In wake of Keith Scott shooting, Hillary Clinton visits Charlotte

Nine-year-old Zianna Oliphant joins U.S. Democratic presidential nominee Hillary Clinton at the pulpit at the Little Rock AME Zion Church in Charlotte, North Carolina, United States October 2, 2016.

REUTERS

CHARLOTTE -- Speaking at an African-American church here on Sunday, Hillary Clinton offered her prayers for the family members of Keith Lamont Scott and the many others who have lost loved ones to gun violence.

“We do more than pray,” Clinton said, speaking at Little Rock A.M.E. Zion Church in Charlotte. “Not everyone can march, but everyone can talk. And everyone can reach out. And everyone can vote.”

Clinton’s visit to the church was her first stop during a trip to Charlotte planned in the wake of Scott’s death and the protests that filled the city’s streets for the nights that followed. Scott was shot and killed by a police officer on Sept. 20 and, while Clinton originally planned to travel here a week ago, her campaign postponed the trip after Charlotte’s mayor said in an interview that she would prefer candidates delay visiting. 

Following worship at the Little Rock Church, Clinton was expected to meet with a group of young African-American men “to discuss the urgency of addressing racial, economic and social justice issues,” according to a campaign aide.

In her remarks, Clinton also offered prayers to police officers and their family members. 

“We also know and we must not forget that violence has touched the families of police officers,” Clinton said. “From Dallas to Baton Rouge to Philadelphia, the families of fallen officers have also been dealt a great blow and they deserve our prayers as well.”

Clinton, who has spoken often on the campaign trail about the “systemic racism” that exists in America today, then offered a very personal acknowledgement of how bias still impacts the lives of African-Americans. She said that her worries about the safety of her grandchildren, Charlotte and Aidan “are not the same as black grandmothers.” 

She invoked the words of 9-year-old Zianna Oliphant who spoke, through tears, to the Charlotte City Council on Monday. Oliphant joined Clinton at church with her family on Sunday.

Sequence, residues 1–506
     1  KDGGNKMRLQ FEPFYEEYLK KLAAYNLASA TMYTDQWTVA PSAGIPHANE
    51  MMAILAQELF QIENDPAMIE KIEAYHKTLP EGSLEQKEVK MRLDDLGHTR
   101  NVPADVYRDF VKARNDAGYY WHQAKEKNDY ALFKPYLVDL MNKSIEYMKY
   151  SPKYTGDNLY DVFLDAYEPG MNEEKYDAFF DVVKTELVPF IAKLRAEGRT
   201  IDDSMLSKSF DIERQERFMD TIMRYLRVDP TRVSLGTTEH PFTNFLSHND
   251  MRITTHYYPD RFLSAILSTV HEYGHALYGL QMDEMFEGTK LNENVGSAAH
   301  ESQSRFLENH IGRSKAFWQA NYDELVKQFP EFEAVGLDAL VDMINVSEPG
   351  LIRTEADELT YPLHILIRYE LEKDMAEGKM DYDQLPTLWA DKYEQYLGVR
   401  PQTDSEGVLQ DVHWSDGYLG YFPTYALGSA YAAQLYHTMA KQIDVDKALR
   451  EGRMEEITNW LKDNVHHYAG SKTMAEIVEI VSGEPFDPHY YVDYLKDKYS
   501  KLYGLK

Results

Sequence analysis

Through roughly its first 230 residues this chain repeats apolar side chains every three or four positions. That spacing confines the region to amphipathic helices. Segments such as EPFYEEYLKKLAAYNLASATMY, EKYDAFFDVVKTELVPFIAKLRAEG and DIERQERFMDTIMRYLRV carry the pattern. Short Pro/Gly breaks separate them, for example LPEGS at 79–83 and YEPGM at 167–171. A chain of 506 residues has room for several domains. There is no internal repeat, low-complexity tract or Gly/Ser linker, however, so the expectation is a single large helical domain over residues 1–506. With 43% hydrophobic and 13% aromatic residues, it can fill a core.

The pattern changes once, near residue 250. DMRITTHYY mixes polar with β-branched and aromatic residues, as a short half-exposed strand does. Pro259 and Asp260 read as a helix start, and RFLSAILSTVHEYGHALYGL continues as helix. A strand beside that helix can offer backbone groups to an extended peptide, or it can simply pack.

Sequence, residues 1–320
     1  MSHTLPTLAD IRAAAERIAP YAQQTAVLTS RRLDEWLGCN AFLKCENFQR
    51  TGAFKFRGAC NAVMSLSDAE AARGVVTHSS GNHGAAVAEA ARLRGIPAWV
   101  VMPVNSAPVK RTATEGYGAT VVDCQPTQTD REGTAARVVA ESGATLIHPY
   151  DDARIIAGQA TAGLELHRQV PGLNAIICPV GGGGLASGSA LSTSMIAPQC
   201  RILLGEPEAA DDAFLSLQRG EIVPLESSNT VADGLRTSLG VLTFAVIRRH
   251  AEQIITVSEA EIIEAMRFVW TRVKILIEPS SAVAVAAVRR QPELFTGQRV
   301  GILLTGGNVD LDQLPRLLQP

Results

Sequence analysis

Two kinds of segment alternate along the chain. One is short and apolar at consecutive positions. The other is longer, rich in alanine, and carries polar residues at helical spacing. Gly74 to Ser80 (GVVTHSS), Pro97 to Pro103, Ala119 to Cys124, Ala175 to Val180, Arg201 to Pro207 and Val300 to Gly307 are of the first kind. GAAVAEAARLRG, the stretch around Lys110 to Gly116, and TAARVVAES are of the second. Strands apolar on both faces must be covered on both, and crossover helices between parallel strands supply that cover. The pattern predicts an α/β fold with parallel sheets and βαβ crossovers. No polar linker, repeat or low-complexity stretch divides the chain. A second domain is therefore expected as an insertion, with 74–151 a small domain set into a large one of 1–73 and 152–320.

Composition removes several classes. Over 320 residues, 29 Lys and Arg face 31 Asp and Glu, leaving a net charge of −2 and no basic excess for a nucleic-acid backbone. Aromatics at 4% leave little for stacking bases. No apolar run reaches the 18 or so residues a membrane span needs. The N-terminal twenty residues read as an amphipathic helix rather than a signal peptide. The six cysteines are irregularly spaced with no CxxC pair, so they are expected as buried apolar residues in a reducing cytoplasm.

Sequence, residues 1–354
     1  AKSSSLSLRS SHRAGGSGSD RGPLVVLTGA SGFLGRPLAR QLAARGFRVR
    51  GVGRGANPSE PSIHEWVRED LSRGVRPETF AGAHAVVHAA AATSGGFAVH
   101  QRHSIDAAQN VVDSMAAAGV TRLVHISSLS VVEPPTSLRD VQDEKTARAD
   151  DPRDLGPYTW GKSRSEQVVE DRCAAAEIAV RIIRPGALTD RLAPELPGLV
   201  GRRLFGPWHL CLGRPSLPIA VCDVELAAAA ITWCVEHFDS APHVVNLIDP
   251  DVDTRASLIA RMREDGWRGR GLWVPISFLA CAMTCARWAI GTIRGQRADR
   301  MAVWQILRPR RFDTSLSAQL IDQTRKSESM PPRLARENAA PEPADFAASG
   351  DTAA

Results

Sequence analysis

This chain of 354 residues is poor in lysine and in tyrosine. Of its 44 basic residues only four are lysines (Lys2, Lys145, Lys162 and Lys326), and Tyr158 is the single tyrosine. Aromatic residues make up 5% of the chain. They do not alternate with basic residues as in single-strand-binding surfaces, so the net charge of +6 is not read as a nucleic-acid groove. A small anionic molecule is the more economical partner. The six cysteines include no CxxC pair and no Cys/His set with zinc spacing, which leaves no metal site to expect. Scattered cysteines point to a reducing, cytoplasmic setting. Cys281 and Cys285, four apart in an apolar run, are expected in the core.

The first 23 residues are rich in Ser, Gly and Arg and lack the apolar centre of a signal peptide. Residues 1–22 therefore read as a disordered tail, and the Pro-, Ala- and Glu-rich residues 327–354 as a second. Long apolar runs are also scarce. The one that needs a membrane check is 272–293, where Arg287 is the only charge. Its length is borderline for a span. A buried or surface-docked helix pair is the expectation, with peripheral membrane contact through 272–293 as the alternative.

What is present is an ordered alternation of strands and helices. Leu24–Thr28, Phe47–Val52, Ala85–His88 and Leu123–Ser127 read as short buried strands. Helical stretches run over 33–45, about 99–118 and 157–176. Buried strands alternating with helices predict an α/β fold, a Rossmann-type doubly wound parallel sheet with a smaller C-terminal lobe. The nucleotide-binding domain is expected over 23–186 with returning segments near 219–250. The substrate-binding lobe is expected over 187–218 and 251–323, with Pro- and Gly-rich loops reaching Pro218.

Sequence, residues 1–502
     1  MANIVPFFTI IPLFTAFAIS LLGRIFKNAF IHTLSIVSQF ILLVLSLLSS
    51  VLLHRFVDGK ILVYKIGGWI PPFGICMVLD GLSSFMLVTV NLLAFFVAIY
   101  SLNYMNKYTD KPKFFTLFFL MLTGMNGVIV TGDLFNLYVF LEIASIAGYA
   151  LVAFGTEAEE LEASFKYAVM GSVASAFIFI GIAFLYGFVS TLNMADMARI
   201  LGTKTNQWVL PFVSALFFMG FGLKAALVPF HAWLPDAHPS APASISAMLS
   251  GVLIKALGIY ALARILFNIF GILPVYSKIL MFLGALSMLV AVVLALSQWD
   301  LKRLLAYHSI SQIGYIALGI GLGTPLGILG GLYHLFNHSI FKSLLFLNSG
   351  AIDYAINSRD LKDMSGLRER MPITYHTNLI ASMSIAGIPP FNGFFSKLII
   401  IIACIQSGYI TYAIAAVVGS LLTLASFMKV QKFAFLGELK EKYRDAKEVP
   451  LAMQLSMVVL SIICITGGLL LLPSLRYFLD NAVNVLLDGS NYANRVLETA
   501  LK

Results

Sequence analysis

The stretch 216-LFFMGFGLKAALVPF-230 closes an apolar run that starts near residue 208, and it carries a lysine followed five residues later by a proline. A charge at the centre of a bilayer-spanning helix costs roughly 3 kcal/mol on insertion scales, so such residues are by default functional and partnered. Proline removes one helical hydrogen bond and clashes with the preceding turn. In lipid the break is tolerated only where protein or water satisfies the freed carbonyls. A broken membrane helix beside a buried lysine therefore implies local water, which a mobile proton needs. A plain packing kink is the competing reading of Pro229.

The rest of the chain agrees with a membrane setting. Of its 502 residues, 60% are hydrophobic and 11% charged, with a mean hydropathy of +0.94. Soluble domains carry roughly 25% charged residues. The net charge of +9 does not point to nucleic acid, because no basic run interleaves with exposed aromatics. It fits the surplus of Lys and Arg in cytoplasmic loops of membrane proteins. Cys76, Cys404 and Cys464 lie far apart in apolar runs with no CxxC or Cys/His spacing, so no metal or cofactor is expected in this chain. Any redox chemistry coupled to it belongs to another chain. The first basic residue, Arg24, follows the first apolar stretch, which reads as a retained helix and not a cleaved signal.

“It makes my heart ache when kids like Zianna are going through this and trying to make sense of the absolutely senseless,” she said. “Because my grandchildren are white, because they are the grandchildren of a former President and Secretary of State, let’s be honest here, they won’t face the kind of fear that we heard from the young children testifying before the City Council.”

Clinton argued that “every child deserves the same sense of security” and called for complete reform of the criminal justice system and for greater investment in impoverished communities. Without mentioning Donald Trump’s name, she implied that his approach to violence in black communities isn’t enough​.

“There are some out there who see this as a moment to fan the flames of resentment and division, who want to exploit people’s fears, even though it means tearing our nation even further apart,” Clinton said. “They say that all of our problems would be solved simply by more law and order, as if the systemic racism plaguing our country doesn’t exist.”

Clinton said “of course,” America needs “safe neighborhoods” free of gun violence. 

“But we also need justice and dignity and equality and we can have both,” she said. “This is not an either-or question for America.”

Clinton’s visit to Charlotte on Sunday also marked her fourth visit to North Carolina in the last month as her campaign carves a path for her through the battleground states. A CBS News poll released last month showed Clinton ahead of Trump in the state by four points.